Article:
Birds are all around us, and just by listening, we can learn many things about our environment. Ecologists use birds to understand food systems and forest health — for example, if there are more woodpeckers in a forest, that means there’s a lot of dead wood. Because birds communicate and mark territory with songs and calls, it’s most efficient to identify them by ear. In fact, experts may identify up to 10x as many birds by ear as by sight.
In recent years, autonomous recording units (ARUs) have made it easy to capture thousands of hours of audio in forests that could be used to better understand ecosystems and identify critical habitat. However, manually reviewing the audio data is very time consuming, and experts in birdsong are rare. But an approach based on machine learning (ML) has the potential to greatly reduce the amount of expert review needed for understanding a habitat.
However, ML-based audio classification of bird species can be challenging for several reasons. For one, birds often sing over one another, especially during the “dawn chorus” when many birds are most active. Also, there aren’t clear recordings of individual birds to learn from — almost all of the available training data is recorded in noisy outdoor conditions, where other sounds from the wind, insects, and other environmental sources are often present. As a result, existing birdsong classification models struggle to identify quiet, distant and overlapping vocalizations. Additionally, some of the most common species often appear unlabeled in the background of training recordings for less common species, leading models to discount the common species. These difficult cases are very important for ecologists who want to identify endangered or invasive species using automated systems.
To address the general challenge of training ML models to automatically separate audio recordings without access to examples of isolated sounds, we recently proposed a new unsupervised method called mixture invariant training (MixIT) in our paper, “Unsupervised Sound Separation Using Mixture Invariant Training”. Moreover, in our new paper, “Improving Bird Classification with Unsupervised Sound Separation,” we use MixIT training to separate birdsong and improve species classification. We found that including the separated audio in the classification improves precision and classification quality on three independent soundscape datasets. We are also happy to announce the open-source release of the birdsong separation models on GitHub.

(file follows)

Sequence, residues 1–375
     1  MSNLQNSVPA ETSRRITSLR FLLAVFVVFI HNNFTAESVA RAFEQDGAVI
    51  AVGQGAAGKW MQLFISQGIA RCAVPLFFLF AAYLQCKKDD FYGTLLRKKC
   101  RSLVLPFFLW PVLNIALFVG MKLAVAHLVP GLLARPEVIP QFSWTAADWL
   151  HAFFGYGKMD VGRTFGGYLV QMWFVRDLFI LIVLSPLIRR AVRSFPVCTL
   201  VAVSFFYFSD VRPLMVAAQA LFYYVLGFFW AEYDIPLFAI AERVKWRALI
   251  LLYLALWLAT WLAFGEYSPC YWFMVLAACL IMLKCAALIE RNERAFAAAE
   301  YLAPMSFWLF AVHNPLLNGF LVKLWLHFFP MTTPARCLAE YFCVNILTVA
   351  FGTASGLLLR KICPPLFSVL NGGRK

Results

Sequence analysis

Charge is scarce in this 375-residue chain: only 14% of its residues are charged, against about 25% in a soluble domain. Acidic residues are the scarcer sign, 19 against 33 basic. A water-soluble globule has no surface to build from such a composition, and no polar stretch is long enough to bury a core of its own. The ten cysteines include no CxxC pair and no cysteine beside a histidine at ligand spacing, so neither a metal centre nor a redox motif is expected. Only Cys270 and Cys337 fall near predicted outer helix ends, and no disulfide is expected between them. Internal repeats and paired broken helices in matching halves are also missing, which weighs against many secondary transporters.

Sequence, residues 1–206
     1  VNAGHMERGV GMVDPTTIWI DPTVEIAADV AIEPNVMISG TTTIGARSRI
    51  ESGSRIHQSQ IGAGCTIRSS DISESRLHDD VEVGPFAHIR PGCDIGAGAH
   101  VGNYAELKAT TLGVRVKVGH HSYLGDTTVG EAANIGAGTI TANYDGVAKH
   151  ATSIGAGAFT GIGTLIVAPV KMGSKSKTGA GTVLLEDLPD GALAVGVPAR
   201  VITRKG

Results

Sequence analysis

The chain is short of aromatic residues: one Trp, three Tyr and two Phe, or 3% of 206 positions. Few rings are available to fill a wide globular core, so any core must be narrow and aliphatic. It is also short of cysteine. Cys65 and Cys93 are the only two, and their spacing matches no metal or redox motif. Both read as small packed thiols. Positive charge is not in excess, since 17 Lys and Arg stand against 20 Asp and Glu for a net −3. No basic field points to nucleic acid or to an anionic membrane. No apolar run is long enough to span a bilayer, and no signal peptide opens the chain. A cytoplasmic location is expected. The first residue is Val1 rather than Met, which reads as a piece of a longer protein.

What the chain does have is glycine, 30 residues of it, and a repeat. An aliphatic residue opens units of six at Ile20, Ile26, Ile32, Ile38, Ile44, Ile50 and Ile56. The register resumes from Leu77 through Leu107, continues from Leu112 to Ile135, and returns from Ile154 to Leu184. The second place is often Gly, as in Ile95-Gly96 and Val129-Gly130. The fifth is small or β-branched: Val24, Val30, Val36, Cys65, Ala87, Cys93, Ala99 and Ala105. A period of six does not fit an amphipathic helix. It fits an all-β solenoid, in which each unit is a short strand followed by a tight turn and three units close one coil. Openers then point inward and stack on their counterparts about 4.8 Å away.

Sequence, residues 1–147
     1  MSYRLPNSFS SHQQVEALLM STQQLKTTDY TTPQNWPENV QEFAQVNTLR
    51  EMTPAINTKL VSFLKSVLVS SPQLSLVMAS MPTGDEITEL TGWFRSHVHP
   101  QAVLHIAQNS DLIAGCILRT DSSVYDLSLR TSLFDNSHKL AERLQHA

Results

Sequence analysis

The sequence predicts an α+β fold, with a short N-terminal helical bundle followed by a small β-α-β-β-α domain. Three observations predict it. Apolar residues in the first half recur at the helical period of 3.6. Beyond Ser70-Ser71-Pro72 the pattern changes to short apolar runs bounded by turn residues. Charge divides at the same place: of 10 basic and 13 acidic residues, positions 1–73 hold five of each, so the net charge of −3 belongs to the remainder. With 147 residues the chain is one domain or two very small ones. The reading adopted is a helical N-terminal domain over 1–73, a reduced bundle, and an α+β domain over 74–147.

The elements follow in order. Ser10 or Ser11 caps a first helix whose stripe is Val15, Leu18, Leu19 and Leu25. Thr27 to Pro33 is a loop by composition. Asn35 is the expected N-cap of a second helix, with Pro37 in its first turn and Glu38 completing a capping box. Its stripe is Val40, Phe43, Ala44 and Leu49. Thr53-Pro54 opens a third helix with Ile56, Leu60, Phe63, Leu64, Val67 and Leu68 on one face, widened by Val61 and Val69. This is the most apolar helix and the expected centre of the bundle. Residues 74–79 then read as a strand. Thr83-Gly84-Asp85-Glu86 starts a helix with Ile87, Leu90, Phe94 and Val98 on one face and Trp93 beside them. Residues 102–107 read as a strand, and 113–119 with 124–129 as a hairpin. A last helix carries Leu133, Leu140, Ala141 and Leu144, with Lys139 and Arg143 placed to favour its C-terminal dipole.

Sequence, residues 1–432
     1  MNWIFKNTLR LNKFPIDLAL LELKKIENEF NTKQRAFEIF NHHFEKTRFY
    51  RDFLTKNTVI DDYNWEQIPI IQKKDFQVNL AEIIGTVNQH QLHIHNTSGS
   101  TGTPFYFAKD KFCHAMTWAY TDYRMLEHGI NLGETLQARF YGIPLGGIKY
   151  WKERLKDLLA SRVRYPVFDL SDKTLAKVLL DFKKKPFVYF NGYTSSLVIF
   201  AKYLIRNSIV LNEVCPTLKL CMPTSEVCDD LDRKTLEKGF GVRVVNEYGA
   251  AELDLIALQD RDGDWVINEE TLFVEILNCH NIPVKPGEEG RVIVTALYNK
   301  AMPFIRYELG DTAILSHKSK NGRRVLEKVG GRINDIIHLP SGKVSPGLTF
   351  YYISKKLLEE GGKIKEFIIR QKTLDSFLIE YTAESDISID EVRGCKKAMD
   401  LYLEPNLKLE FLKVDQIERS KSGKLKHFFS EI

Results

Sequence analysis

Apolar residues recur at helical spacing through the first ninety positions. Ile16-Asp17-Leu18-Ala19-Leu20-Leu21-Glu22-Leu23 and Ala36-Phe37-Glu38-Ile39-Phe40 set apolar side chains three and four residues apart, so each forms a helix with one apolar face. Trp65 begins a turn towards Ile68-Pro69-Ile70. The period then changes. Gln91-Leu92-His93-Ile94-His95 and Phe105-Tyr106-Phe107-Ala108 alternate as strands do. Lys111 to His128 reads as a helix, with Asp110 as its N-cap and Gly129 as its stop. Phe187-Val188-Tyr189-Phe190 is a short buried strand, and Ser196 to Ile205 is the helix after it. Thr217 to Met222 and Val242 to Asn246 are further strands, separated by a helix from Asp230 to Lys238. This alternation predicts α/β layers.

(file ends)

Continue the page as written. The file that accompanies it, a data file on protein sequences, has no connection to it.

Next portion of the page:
Birdsong Audio Separation
MixIT learns to separate single-channel recordings into multiple individual tracks, and can be trained entirely with noisy, real-world recordings. To train the separation model, we create a “mixture of mixtures” (MoM) by mixing together two real-world recordings. The separation model then learns to take the MoM apart into many channels to minimize a loss function that uses the two original real-world recordings as ground-truth references. The loss function uses these references to group the separated channels such that they can be mixed back together to recreate the two original real-world recordings. Since there’s no way to know how the different sounds in the MoM were grouped together in the original recordings, the separation model has no choice but to separate the individual sounds themselves, and thus learns to place each singing bird in a different output audio channel, also separate from wind and other background noise.
We trained a new MixIT separation model using birdsong recordings from Xeno-Canto and the Macaulay Library. We found that for separating birdsong, this new model outperformed a MixIT separation model trained on a large amount of general audio from the AudioSet dataset. We measure the quality of the separation by mixing two recordings together, applying separation, and then remixing the separated audio channels such that they reconstruct the original two recordings. We measure the signal-to-noise ratio (SNR) of the remixed audio relative to the original recordings. We found that the model trained specifically for birds achieved 6.1 decibels (dB) better SNR than the model trained on AudioSet (10.5 dB vs 4.4 dB). Subjectively, we also found many examples where the system worked incredibly well, separating very difficult to distinguish calls in real-world data.
The following videos demonstrate separation of birdsong from two different regions (Caples and the High Sierras). The videos show the mel-spectrogram of the mixed audio (a 2D image that shows the frequency content of the audio over time) and highlight the audio separated into different tracks.
High Sierras Caples